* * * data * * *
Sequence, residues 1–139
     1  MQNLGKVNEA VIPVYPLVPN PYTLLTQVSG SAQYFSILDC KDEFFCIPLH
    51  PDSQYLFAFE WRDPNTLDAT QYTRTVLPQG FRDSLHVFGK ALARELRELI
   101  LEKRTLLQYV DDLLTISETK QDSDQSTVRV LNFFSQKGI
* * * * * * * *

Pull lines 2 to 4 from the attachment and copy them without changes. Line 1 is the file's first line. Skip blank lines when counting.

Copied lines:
     1  MQNLGKVNEA VIPVYPLVPN PYTLLTQVSG SAQYFSILDC KDEFFCIPLH
    51  PDSQYLFAFE WRDPNTLDAT QYTRTVLPQG FRDSLHVFGK ALARELRELI
   101  LEKRTLLQYV DDLLTISETK QDSDQSTVRV LNFFSQKGI